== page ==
3. 106-Down director : SPIELBERG

The director Steven Spielberg has had so many hit movies. Spielberg won two Best Director Oscars, one being “Schindler’s List” from 1993 and “Saving Private Ryan” from 1998. Three Spielberg films broke box office records: “Jaws” (1975), “E.T. the Extra-Terrestrial” (1982) and “Jurassic Park” (1993). That’s quite a portfolio of movies …

4. Pink, e.g. : POP STAR

“P!nk” is the stage name of American singer Alecia Beth Moore. I known so little about “modern” music, but I do like the P!nk song “Just Give Me a Reason” …

9. Save for later, in a way : DVR

Digital Video Recorder (DVR)

11. Santa ___ : ANA

Santa Ana is the county seat of Orange County, California and takes its name from the Santa Ana River that runs through the city.

14. Horn of Africa native : SOMALI

Somalia is a country located in the Horn of Africa. Sadly, the nation is noted today for a devastating civil war and for its use as a base for pirates who prey on ships passing through the Indian Ocean along the Somali coast.

The Horn of Africa is that horn-shaped peninsula at the easternmost tip of the continent, containing the countries Eritrea, Djibouti, Ethiopia as well as Somalia. The Horn of Africa is also known as the Somali Peninsula.

15. Neon, e.g. : INERT GAS

An inert gas can be different from a noble gas. Both are relatively non-reactive, but a noble gas is an element. An inert gas might be a compound, i.e. made up of more than one element.

Neon was discovered in 1898 by two British chemists Sir William Ramsay and Morris Travers. They chilled a sample of air, turning it into a liquid, and then warmed the liquid and separated out the gases that boiled off. Along with nitrogen, oxygen and argon (already known), the pair of scientists discovered two new gases. The first they called “krypton” and the second “neon”. “Krypton” is Greek for “the hidden one” and “neon” is Greek for “new”.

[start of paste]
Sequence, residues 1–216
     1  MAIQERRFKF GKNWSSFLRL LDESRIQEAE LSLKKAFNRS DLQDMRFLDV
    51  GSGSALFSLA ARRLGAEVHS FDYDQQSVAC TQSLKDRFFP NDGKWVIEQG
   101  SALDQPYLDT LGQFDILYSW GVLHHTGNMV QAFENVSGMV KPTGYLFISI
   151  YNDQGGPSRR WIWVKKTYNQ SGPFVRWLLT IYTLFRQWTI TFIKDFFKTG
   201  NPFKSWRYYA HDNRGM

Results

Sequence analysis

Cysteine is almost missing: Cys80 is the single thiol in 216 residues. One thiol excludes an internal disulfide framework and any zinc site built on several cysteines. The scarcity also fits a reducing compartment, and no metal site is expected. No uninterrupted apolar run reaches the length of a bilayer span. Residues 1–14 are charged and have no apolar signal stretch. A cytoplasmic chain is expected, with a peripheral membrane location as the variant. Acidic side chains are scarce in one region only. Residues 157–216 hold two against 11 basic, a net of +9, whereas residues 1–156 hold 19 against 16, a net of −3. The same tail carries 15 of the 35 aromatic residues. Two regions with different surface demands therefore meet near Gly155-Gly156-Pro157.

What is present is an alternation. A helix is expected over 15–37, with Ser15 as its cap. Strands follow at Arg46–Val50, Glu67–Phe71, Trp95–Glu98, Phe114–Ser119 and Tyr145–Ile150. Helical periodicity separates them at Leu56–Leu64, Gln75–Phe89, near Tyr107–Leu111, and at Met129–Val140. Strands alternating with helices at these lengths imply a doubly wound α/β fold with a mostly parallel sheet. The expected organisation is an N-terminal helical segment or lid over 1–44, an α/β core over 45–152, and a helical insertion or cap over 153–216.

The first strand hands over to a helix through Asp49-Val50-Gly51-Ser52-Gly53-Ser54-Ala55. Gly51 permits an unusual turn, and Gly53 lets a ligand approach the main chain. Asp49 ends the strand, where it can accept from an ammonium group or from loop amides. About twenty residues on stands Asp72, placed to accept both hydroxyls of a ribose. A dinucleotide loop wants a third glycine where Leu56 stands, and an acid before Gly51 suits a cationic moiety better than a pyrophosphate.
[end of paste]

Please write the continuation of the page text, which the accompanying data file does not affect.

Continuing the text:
18. Common knee injury site, briefly : ACL

The anterior cruciate ligament (ACL) is one of four major ligaments that support the knee.

27. Fairy tale “lump” : PEA

“The Princess and the Pea” is a fairy tale from the pen of Danish author Hans Christian Andersen. The essence of the story is that a prince’s mother tests the royal blood of an apparent princess by placing a pea under a pile of mattresses on which the young girl sleeps. The girl complains of a restless night, demonstrating a physical sensitivity that can only be attributed to a princess. And they all live happily ever after …

29. Hack : CAB

Hackney is a location in London, and it probably gave it’s name to a “hackney”, an ordinary type of horse around 1300. By 1700 a “hackney” was a person hired to do routine work, and “hackneyed” meant “kept for hire”, and then “stale, uninteresting”. This morphed into a hackney carriage, a carriage or car for hire, and into “hack”, a slang term for a taxi driver or cab.

30. Hit BBC comedy, briefly : AB FAB